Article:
Canon has a familiar, and clean design to its DSLR's. Personally I like the placement of the control wheel behind the shutter button- its so much more comfortable to use and my favorite SLR/DSLR's in the past have this placement. Once acquainted, the five button layout is easy to remember mentally when you don't have a chance to look at the top of the camera either. And kudos to Canon for making the ISO button indented so it stands out from the others- it's an often used camera function, smart. GPS and Wifi capability set it apart from other high end FF DSLRS from Canon, hence its high grade reinforeced plastic top plate.


Canon's grip on the 6D is superb for  medium sized hands like mine- I love how it feels in hand, very comfortable for all day shooting even with largre lenses attached. The texture on the camera adds durability for scratching, and sure footed grip when the hand gets sweaty or shooting in weather.  One simple card slot door. Form factor is distinguished, no other cameras feel quite like a Canon in hand. Recessed strap lugs and contours guaranty all day comfort for the shooting hand. 


The lens release button is large, easy to use.And there are no other buttons to fiddle with on the front of the camera- to me this is a plus because I always forget about buttons/switches on the front of the camera. The only exception to that rule is the lens release button and/or DOF preview button. I would have liked a dedicated AF assist lamp, but the 6D focuses very well in low light on its central AF point- so it's a wash there. Regardless my point of a simpler "less is more" theme exists on almost every view of the 6D.


As you can see by the caption comments, there's a lot right about the handling of the 6D. Overall it can be summed up as a body that is large enough to do everything, but small enough to feel like a high end APS-C sensor DSLR. I prefer its less-is-more exterior design, its easy on the eyes, hands, and the brain when working with it. Thus, the 6D retains a certain charm when shooting stills in terms of it's physical attributes. Yet under that simpler smaller figure, there is a lot of modern functionality when you need it. More on that later.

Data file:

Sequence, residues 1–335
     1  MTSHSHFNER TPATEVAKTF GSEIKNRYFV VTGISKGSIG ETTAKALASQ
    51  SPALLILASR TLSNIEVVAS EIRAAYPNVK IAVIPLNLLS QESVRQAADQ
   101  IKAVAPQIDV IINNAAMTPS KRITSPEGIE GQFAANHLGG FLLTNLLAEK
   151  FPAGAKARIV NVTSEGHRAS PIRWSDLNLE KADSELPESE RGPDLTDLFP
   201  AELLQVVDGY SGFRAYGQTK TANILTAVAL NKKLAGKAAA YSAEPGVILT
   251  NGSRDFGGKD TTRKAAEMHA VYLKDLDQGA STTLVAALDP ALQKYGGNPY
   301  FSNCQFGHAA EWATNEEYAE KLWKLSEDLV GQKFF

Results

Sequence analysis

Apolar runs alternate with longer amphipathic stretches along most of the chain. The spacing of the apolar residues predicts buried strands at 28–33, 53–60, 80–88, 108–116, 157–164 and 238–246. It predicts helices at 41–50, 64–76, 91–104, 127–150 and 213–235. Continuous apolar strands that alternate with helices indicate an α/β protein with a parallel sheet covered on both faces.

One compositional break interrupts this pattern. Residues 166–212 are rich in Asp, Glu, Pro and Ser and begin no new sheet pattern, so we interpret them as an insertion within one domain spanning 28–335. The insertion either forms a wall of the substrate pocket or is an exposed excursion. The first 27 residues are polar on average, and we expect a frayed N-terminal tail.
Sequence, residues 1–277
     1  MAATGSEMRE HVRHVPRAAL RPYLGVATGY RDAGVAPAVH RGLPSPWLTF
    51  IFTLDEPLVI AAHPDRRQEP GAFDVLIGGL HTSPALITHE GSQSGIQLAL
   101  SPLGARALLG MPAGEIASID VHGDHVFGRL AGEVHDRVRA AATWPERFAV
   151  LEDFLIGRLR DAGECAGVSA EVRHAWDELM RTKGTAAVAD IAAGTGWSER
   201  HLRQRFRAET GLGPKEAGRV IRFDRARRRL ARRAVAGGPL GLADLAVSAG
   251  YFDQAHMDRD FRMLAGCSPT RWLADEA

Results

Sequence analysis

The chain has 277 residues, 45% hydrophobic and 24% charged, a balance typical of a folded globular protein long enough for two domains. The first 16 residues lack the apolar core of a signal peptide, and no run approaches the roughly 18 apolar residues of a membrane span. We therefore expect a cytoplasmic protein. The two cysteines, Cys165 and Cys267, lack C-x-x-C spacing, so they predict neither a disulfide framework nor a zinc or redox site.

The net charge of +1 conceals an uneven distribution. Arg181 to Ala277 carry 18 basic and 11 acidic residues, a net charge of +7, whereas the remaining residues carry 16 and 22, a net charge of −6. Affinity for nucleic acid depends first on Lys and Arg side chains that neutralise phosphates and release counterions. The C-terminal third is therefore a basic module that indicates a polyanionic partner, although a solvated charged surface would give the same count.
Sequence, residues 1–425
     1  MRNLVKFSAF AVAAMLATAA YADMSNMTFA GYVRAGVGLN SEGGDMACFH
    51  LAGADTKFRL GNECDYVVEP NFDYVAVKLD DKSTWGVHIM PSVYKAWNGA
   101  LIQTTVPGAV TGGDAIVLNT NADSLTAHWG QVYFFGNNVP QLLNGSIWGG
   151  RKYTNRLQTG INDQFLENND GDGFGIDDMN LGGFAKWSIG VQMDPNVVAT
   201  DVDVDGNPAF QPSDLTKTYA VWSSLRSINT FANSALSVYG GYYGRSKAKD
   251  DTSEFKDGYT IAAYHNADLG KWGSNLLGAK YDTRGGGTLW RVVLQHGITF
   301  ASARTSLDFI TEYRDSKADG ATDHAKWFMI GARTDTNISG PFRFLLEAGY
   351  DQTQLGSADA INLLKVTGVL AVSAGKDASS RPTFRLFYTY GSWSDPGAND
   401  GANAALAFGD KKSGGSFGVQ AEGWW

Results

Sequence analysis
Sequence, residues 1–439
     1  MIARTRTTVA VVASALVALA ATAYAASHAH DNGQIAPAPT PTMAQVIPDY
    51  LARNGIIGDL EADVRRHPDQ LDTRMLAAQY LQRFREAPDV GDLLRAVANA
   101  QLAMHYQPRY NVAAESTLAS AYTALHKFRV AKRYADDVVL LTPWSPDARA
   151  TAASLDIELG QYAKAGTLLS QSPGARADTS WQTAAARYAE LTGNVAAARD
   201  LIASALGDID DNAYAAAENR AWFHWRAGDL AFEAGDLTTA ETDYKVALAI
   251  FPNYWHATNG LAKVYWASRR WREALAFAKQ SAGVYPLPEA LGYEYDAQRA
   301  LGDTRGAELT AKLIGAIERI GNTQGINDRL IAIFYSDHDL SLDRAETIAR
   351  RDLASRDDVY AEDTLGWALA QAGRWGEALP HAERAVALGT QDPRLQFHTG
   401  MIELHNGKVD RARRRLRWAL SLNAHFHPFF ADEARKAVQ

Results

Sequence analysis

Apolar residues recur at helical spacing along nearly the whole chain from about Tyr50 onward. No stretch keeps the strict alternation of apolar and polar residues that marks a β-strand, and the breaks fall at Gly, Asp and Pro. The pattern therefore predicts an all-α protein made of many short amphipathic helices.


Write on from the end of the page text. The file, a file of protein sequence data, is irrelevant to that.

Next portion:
Holding the 6D is a true pleasure and it balances so well. It's a near perfect size and weight for a photographer needing a compact full frame DSLR. The 6D is easy to look at, and most controls are within reach of my thumb or forefinger with one handed shooting. By one hand shooting I don't mean to imply that I'm holding the 6D with one hand all the time, rather I mean I only need one hand to make my exposure or other critical adjustments while the other hand can steady the camera for the shot, or make an adjustment with the lens. This is exactly how a DSLR should operate and handle.

Don't let that polymer upper fool you, this is one tough well built DSLR that has a rock solid feel.

Having to remove or reposition a hand (or worse, both hands) to make simple adjustments is one of the most irritating design infractions I can think of, yet most camera designs are this way. A camera should not get in between you and making your shot, it should simplify and expedite the process. The whole point of using a camera is to get a shot in the first place, not fiddle about and stumble as the critical moments pass you by.

So using the 6D is a real pleasure for the most part. It's viewfinder is ample, and the view is clean and organized. There aren't  a zillion AF points to be distracted by and info is logically and neatly arranged below the view inside. Personally, 11 AF points are more than enough for me since I use the central AF point for almost every shot I make. Canon designed the central AF point to be a sensitive double cross type, and capable of helping the camera shoot in extremely low light (down to -3ev), I find the AF points of the 6D to be all I could need. Canon optimized the right AF point in my opinion, it's perfect really. Shooting in low light is pretty amazing, especially considering there is no AF assist lamp- see it to believe it. Lastly, if the 6D had an option to not show all AF points except the center point, I'd enable that option in the menu.

The Canon EOS 6D Review: Notable Features

Let's start with the viewfinder, which I find to be really good- spacious and bright. Full frame DSLR viewfinders are just in a different league than the best APS-C DSLR camera finders. That's not news of course, but experiencing it on a regular basis really makes you appreciate a large excellent pentaprism finder. I've used DSLRs and SLRs with bigger and slightly brighter finders, but the difference is really not much of a practical advantage once you get to the size of finder in the 6D.